Independent Healthcare Breakfast with Professor Mark Britnell

23rd May 2024
Aemilia Lovatt
Associate Partner

Earlier this week the Odgers Berndtson Group hosted its 10th Independent Healthcare Breakfast in London. This year we were delighted to be joined by Professor Mark Britnell who led an insightful and very important discussion on the global workforce crisis.

After the event, Mark wrote a small summary of this thoughts:

Five things seem clear to me:-

Firstly, it’s doubtful any new Government will re-organise. After the painful experience of past reforms, time will be lost tinkering, and better spent, delivering. This means ICBs will need to commission and performance manage in equal measure. For population health, the best socialised integrated system I have seen is Clalit in Israel. It’s intelligent and data driven.

Second, the need for productivity and innovation will increase as fiscal rules are applied by the next Government. The NHS is under-capitalised (to drive productivity) so a new solution to capital will be needed. Could the new National Wealth Fund help? Germany provides some good examples of capital investment targeted on productivity.

Third, waiting times. Big statements were made last weekend. ICBs and providers will need to enable choice, pool waiting lists and change models of care to separate elective and emergency flows at scale. The independent sector will need to adjust its business model too. There are plenty of examples of specialist and standalone elective centres at scale from South Korea to Australia across to North America. New public & private partnerships will form.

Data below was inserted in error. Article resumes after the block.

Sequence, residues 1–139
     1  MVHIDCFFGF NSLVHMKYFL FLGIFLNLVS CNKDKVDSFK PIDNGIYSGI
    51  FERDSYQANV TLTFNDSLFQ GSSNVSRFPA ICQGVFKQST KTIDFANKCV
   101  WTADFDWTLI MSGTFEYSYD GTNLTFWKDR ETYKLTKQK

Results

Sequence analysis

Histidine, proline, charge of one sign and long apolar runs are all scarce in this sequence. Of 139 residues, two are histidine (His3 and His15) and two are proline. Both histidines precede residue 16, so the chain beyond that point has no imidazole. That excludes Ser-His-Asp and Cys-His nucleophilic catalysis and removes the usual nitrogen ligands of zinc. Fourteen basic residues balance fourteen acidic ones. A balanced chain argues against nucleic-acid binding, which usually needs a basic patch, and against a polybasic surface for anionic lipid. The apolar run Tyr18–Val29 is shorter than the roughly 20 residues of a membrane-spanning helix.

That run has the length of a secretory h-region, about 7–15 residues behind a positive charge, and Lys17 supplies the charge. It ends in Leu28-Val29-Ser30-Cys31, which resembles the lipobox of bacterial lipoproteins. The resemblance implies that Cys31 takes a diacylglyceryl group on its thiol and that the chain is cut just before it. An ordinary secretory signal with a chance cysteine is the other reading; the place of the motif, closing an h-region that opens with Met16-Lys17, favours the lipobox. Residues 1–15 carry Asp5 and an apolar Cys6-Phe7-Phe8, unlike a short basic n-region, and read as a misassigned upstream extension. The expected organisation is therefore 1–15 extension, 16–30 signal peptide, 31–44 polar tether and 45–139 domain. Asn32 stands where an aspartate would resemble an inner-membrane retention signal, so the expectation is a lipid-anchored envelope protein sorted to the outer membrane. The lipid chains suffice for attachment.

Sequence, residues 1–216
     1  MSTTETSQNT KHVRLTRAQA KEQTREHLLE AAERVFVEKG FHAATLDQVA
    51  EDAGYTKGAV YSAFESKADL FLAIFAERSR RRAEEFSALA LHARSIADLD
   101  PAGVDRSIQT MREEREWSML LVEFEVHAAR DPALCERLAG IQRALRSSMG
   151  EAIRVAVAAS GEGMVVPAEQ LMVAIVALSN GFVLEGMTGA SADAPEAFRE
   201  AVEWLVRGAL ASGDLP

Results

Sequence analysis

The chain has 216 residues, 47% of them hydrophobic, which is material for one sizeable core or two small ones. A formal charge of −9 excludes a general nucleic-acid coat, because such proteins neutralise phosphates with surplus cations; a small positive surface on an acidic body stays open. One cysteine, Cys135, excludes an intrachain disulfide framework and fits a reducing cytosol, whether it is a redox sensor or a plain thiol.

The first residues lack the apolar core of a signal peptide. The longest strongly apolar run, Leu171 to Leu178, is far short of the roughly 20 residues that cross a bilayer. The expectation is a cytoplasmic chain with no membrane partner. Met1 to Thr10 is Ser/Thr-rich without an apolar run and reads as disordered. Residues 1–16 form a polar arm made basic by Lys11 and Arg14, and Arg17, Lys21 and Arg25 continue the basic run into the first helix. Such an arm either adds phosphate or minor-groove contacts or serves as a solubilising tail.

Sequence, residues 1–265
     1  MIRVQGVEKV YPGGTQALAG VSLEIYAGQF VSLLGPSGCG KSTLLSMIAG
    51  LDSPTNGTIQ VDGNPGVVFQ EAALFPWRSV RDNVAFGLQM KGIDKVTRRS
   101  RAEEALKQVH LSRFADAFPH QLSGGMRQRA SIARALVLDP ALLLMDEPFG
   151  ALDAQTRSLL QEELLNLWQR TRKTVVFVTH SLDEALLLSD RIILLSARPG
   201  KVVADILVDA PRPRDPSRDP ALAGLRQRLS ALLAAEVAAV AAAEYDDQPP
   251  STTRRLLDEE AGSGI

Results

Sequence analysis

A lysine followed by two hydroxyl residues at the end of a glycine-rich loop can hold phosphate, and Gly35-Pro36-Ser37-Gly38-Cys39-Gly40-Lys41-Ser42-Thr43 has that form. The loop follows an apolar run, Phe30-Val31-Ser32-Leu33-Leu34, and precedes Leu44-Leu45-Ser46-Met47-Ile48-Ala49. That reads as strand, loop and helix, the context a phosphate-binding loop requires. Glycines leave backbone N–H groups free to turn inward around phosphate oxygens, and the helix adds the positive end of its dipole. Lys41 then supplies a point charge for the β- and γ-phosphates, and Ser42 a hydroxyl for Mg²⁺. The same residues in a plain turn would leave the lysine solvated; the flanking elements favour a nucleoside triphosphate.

Fourthly, a new healing process will take place between Government and the health service, including the Department of Health and NHS England. Expect a new 10 year NHS plan to emerge which will seek to heal, improve trust and look to the future. This process will take time, partly because the Government will hope the economy picks up so public spending improves towards the latter part of the next parliamentary term. The Singapore ten year plan for health is the most intelligent I have seen.

Finally, it’s obvious health inequalities, worklessness and sickness have worsened so expect new, modern, joined-up public health action across all Government departments. We could learn from Scandinavia who mesh local and central government with citizen responsibility and employer activism.

We can expect more vigour and professionalism in managing health services as waiting lists cannot continue like this for another five years. The social contract between what we pay for as taxpayers and what we get as patients, is eroding.

Dangerous territory for trust for any Government.

Please note, these are the views of Professor Mark Britnell, and not those of Berwick Partners

For further information about this event or the work we do with Private Healthcare, please do contact Aemilia Lovatt who will be able to assist you.

Categories: Private Healthcare